With heavily siloed supply chains, OEMS and suppliers need a full operational picture. Without the capacity to aggregate and share data across individual operations, information becomes fragmented and negatively affects issue and resource management. Manufacturers need a digital communication tool that connects the entire supply chain ecosystem with user-friendly interfaces that allow supervisors to create, automate and track the progress of tasks and case assignments, and managers to access and configure data based on KPIs.
If a Tier 1 supplier feeding into an OEM is utilizing an employee working on multiple products, it’s nearly impossible to aggregate the data needed to identify and resolve an issue across the supply chain. To be successful, both parties must engage in the same workforce technology to gain a comprehensive operational overview. One data set means one version of the truth and one location where all engaged parties can interact in real-time.
How can these processes be implemented, and what are their specific uses across leadership/management levels?
With distributed manufacturing and supply chain environments becoming more and more complex, it’s become mission critical for enterprise leadership to drive the adoption and integration of advanced quality assurance processes and technologies that maximize efficiency, productivity and profitability. The ability to gather and utilize real-time data and alerts is key, as this helps plant and supplier quality managers to quickly identify and contain defects as soon as they emerge. Communication enablement is what ties it all together. When supervisors and managers are networked across distributed locations, it creates the ability to identify, communicate and course-correct variability in parts in synchronization.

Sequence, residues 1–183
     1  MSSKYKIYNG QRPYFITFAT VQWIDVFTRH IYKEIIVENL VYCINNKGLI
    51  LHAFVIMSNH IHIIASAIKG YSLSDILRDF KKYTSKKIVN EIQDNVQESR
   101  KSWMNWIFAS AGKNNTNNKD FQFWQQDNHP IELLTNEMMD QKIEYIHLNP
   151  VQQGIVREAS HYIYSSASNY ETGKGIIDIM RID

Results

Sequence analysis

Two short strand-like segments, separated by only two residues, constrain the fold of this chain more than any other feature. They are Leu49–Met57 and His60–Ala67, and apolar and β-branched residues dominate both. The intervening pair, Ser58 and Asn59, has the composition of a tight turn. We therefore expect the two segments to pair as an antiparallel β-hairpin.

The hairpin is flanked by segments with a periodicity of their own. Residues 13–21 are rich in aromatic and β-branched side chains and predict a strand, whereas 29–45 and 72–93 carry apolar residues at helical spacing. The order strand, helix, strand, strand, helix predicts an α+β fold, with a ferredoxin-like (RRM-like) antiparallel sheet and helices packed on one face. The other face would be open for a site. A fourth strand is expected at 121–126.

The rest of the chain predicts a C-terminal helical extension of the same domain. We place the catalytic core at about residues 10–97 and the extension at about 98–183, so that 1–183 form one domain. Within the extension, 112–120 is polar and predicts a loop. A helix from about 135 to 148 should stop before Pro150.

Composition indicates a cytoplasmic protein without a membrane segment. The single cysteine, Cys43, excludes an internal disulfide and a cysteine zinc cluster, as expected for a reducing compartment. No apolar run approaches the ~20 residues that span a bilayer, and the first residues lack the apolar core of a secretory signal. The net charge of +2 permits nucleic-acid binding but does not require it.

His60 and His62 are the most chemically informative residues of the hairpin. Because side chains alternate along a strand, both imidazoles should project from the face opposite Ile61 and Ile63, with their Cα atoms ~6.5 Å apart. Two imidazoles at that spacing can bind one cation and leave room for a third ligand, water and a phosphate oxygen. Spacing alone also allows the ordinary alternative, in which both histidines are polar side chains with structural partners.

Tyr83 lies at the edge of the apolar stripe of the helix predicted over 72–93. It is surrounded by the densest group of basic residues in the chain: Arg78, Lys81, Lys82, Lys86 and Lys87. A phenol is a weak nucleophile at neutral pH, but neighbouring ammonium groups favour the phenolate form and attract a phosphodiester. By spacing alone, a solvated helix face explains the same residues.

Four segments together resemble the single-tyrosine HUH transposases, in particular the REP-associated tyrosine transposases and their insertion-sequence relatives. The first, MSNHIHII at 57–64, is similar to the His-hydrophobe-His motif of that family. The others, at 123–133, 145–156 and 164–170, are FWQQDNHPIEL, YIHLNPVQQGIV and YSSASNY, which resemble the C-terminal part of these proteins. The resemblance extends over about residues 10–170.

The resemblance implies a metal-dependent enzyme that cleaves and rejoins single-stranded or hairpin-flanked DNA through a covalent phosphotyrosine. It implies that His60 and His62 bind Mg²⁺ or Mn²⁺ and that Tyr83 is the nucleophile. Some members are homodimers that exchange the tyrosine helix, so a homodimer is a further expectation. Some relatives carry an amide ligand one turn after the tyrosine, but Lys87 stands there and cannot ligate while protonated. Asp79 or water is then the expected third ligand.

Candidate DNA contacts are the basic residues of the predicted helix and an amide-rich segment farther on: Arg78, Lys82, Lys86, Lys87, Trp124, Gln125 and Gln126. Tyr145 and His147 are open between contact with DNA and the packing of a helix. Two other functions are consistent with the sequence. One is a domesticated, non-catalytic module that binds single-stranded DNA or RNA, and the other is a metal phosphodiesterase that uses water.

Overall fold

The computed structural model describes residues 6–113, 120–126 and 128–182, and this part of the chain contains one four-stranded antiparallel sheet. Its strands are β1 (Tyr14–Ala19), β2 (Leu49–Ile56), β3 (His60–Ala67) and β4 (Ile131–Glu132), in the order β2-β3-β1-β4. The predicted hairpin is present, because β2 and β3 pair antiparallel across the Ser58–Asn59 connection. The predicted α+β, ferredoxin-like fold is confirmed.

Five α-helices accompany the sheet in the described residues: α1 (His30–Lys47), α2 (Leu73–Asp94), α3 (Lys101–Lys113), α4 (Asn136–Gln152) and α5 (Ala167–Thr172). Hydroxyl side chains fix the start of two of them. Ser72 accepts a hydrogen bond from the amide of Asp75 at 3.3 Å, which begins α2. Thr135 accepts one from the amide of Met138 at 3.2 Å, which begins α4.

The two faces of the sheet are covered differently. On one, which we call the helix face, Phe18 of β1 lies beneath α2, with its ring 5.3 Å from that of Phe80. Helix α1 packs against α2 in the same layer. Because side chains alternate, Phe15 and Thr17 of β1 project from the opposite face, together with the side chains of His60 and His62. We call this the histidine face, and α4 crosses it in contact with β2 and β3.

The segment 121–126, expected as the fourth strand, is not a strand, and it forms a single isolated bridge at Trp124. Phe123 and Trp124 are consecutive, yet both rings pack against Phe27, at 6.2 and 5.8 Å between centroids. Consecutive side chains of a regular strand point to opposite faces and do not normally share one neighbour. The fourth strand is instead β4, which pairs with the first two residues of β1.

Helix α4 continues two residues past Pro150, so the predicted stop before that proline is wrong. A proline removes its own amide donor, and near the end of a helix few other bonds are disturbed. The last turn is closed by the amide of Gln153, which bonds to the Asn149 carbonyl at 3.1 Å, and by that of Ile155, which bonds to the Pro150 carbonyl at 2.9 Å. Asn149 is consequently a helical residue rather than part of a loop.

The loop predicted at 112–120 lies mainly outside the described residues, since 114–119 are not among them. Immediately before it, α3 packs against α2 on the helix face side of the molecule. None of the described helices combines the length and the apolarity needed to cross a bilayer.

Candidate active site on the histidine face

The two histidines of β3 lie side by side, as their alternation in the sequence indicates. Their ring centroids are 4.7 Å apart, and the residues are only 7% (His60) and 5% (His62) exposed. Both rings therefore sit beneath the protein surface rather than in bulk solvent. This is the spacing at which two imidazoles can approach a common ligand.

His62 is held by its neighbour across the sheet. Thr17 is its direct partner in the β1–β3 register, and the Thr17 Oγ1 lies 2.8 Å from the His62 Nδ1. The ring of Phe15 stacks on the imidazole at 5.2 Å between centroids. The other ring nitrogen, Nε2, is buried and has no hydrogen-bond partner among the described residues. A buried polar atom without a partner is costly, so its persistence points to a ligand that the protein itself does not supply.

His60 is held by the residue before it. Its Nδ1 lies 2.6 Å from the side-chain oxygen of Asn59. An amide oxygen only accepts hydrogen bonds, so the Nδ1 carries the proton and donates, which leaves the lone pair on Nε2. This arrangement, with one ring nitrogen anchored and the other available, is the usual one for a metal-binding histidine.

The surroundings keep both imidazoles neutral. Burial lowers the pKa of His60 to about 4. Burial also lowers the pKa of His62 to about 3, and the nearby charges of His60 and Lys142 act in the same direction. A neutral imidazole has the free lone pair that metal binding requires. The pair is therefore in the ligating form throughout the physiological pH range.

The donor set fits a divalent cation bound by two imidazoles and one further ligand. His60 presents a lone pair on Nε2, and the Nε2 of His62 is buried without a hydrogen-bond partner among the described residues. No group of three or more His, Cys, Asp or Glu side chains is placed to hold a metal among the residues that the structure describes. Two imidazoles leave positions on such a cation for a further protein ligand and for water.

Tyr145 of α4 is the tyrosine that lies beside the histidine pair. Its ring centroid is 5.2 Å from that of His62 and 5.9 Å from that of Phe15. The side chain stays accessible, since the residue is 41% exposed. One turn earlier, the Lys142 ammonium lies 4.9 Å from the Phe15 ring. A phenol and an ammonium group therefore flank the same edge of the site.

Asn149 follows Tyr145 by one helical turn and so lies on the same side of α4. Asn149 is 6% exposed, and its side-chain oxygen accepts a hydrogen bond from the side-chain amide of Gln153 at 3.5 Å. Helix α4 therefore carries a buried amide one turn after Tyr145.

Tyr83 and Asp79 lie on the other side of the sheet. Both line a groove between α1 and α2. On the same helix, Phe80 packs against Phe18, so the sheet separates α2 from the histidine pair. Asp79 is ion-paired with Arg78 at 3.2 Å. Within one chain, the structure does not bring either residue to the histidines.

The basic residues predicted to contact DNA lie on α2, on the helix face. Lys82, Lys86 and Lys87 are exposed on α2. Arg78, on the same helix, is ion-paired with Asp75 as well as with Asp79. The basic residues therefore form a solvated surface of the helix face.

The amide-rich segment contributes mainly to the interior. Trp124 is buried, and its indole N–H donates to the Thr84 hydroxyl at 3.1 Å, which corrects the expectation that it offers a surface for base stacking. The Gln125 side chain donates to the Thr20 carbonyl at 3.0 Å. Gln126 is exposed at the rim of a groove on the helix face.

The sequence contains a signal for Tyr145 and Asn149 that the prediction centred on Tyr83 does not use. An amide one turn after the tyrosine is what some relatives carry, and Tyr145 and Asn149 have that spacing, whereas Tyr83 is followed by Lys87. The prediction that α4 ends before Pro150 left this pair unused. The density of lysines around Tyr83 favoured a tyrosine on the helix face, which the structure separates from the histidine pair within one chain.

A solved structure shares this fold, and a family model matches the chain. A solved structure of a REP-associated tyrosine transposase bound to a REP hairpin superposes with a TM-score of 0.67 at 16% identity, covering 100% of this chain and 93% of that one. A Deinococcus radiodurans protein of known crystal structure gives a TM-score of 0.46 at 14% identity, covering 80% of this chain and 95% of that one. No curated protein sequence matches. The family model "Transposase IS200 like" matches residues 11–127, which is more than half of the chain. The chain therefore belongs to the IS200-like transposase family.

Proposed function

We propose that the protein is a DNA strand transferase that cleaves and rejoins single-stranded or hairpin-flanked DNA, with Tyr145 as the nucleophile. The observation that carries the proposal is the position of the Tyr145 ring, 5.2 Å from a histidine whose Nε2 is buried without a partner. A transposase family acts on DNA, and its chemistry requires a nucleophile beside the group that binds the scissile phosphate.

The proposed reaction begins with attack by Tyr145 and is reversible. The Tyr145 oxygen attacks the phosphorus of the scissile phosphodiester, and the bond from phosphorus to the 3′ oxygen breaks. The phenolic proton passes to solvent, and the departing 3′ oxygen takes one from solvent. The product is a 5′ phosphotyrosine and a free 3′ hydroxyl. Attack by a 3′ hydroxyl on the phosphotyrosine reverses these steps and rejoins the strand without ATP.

To reiterate, what modern technologies do you see playing a pivotal role in the evolution of manufacturing efficiency and innovation? In other words, are there certain concepts/processes that stand out as being driving forces for the future of manufacturing and its complexities?
Manufacturers and suppliers must solve for the many parts of the supply chain puzzle to develop trustworthy technologies that build effective processes for the future. Cloud computing and storage, inventory and network optimization, automatic identification, predictive analytics and the internet of things will drive innovation in the coming years and should be leveraged in conjunction to thrive in today’s highly competitive marketplace.
About Pete Butler
Pete Butler is chief executive officer and founder of MS Companies, a data-driven technology company providing manufacturers and suppliers with unparalleled efficiency and agility in both workforce and operational quality objectives. Pete is an accomplished entrepreneurial business executive with more than 25 years of experience strengthening and developing existing business models and state-of-the-art new business ventures.
The content & opinions in this article are the author’s and do not necessarily represent the views of ManufacturingTomorrow